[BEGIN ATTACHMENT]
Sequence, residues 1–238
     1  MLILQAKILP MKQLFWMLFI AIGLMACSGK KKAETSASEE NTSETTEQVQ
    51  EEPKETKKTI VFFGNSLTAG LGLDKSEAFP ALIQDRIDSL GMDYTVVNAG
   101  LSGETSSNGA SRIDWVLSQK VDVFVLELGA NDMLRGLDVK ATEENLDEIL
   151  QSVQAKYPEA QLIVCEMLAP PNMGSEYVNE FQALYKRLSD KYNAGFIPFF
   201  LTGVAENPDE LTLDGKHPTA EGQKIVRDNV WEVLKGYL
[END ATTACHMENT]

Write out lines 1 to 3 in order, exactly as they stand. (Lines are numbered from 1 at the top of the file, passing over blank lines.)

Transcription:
Sequence, residues 1–238
     1  MLILQAKILP MKQLFWMLFI AIGLMACSGK KKAETSASEE NTSETTEQVQ
    51  EEPKETKKTI VFFGNSLTAG LGLDKSEAFP ALIQDRIDSL GMDYTVVNAG